THE APATOW COMEDY Factory's special this week is 'Step Brothers,' a delightful, saucy R-rated comedy starring Will Ferrell and John C. Reilly as 40-year-old man-children. Steeped in a spicy complementary role are Mary Steenburgen and Richard Jenkins, adding a dash of straight-man to the onscreen insanity offered by our starring duo. Guest-directing this weekend is Adam McKay, master of the improv-on-screen technique. Bon apetit!

If Judd Apatow was a restaurant, he would almost certainly be The Cheesecake Factory. Considered the reigning King of Comedy, Apatow has produced 34 titles (including Talladega Nights, Forgetting Sarah Marshall, and the cult TV show Undeclared) according to, directing only five (Knocked Up and The 40 Year Old Virgin most prominently among them). Like the restaurant to which I am comparing him, Apatow succeeds with a broad variety of comedic dishes, doing a few of them exceptionally well while lending his brand name to a number of lesser stars that bring customers in the doors. Step Brothers is one of those lesser stars.

Directed by Adam McKay, Step Brothers is a classic example of why it's nice to have competent actors in lieu of a script. Ferrell and Reilly have little to work with, in terms of plot or story material; they're merely forty-year-old virgins living with their respective parents, two singles (Steenburgen and Jenkins) who meet at a conference. Knowing only that they hate each other at first and must grow to love each other over the proceeding 90 minutes, Ferrell and Reilly are basically given free reign, allowed to do what they wish on screen.

For the most part, it works. Though improv frequently bombs when performed live, it is well-suited for the big-screen. If you give an editor hours of material to sift through, they will almost certainly come up with enough workable stuff to create a serviceable flick. Ferrell and Reilly are at their unpredictable bests here. Given an R rating, the two can drop any profanity they wish, allowing one fewer screen between the funny and the audience.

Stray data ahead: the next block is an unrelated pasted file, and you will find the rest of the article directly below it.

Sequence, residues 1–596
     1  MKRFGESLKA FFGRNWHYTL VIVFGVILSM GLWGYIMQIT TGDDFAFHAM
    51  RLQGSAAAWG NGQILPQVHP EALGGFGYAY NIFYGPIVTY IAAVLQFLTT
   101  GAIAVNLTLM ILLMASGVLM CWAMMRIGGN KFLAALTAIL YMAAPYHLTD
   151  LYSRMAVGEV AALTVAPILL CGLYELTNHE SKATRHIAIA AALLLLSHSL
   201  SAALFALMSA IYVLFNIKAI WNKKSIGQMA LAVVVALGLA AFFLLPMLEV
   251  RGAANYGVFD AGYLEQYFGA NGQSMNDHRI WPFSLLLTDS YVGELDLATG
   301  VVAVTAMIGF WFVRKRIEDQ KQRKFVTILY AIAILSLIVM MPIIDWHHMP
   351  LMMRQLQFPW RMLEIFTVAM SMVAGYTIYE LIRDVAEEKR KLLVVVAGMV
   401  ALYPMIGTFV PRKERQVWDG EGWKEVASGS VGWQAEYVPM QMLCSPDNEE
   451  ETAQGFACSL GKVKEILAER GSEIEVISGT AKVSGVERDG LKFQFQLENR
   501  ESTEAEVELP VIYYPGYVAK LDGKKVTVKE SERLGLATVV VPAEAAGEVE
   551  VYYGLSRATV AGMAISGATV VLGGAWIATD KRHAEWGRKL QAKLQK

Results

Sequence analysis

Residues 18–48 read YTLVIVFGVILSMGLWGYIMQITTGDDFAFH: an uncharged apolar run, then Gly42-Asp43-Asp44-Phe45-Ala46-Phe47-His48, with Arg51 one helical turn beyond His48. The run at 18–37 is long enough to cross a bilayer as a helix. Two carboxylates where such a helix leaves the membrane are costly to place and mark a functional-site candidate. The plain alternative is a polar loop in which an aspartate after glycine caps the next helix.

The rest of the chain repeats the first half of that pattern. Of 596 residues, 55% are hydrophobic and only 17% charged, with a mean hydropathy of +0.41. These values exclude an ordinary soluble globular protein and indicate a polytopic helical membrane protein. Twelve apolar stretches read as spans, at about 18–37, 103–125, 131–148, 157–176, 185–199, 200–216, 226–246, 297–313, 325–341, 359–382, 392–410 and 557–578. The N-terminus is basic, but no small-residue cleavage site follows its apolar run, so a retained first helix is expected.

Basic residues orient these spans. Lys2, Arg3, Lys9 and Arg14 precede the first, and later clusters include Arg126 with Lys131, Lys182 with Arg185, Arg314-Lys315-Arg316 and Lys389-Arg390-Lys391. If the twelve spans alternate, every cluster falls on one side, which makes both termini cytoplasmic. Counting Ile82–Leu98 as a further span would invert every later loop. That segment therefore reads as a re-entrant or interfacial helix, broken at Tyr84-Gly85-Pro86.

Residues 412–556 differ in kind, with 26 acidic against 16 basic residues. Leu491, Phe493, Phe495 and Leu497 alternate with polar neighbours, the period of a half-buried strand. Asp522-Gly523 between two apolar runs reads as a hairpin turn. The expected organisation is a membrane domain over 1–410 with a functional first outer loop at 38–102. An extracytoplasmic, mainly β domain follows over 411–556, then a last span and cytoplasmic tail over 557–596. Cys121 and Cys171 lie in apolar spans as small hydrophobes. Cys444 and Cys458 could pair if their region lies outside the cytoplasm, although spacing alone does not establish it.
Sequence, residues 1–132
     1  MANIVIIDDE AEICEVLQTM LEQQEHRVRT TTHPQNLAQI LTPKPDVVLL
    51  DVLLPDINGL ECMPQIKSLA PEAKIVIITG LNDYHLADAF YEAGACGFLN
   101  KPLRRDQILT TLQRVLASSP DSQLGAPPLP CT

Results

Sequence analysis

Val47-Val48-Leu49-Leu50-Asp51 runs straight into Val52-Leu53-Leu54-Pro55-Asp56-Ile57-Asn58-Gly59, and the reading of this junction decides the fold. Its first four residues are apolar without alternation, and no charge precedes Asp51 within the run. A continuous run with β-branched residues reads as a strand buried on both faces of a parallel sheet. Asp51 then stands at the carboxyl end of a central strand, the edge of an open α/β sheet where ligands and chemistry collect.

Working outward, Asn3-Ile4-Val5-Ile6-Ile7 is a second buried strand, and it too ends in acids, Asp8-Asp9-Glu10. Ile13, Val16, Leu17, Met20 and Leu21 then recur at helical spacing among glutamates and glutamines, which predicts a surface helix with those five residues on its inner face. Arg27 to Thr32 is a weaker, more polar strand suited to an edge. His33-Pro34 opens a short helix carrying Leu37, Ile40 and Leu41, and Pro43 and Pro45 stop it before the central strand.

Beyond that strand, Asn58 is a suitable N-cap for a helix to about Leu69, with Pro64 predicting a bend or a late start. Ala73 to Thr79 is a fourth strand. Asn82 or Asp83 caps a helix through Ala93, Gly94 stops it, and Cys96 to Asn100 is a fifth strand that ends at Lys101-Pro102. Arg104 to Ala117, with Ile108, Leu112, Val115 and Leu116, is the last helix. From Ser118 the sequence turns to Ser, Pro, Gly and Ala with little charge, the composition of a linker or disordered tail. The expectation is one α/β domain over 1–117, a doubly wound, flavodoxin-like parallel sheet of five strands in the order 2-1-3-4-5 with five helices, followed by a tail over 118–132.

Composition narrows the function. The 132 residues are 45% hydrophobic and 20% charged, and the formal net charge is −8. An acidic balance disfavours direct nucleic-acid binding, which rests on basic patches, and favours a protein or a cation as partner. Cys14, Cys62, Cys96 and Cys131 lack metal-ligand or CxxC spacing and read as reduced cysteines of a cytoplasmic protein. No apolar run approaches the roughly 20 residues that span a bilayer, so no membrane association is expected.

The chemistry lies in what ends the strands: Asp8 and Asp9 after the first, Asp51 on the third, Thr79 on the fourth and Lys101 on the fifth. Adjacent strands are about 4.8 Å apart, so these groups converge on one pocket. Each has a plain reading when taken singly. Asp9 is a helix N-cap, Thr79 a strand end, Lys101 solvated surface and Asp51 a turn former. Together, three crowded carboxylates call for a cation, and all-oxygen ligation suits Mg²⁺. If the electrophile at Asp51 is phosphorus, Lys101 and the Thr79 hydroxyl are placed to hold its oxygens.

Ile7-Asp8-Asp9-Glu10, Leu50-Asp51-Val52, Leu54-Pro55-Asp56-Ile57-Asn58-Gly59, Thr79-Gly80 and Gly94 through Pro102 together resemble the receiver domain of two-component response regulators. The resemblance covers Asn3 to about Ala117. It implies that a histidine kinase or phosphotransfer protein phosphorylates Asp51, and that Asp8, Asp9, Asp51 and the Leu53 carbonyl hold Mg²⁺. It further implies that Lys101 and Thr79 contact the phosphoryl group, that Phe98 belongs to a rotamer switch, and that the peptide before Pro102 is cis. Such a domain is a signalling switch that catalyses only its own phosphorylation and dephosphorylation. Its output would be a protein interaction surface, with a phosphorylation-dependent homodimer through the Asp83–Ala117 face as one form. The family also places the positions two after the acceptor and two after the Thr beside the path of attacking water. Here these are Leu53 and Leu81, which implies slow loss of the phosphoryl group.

McKay is the perfect director for this kind of horseplay. He is the man responsible for both Talladega Nights and Anchorman, the two films that made the greatest use of Will Ferrell's impressive improvisational talents. He's also the man responsible for "The Landlord," the single greatest bit of Internet-based humor ever released.

As talented as Ferrell, Reilly, and McKay are, they still need a competent supporting cast. Enter Steenburgen and Jenkins, the put-upon parents trying to deal with their failed children. The pair bring a real chemistry to the screen, projecting a love that only parents have. It seems that they really care for Ferrell and Reilly, even as the pair blunder through job interviews and hare-brained get-rich-quick schemes. Added to the mix is Ferrell's younger brother Adam Scott, an over-achiever who hates his elder and his new step-brother. The film really comes to life when Reilly, Ferrell, and Scott are on screen together, indulging in the worst aspects of their nature.

If you like the mature brand of comedy Judd Apatow has pioneered over the last 24 months, you'll love Step Brothers. It's a quirky, quick comedy done with a linguistic panache unfamiliar to many of its peers.

Sonny Bunch is assistant editor at THE WEEKLY STANDARD.

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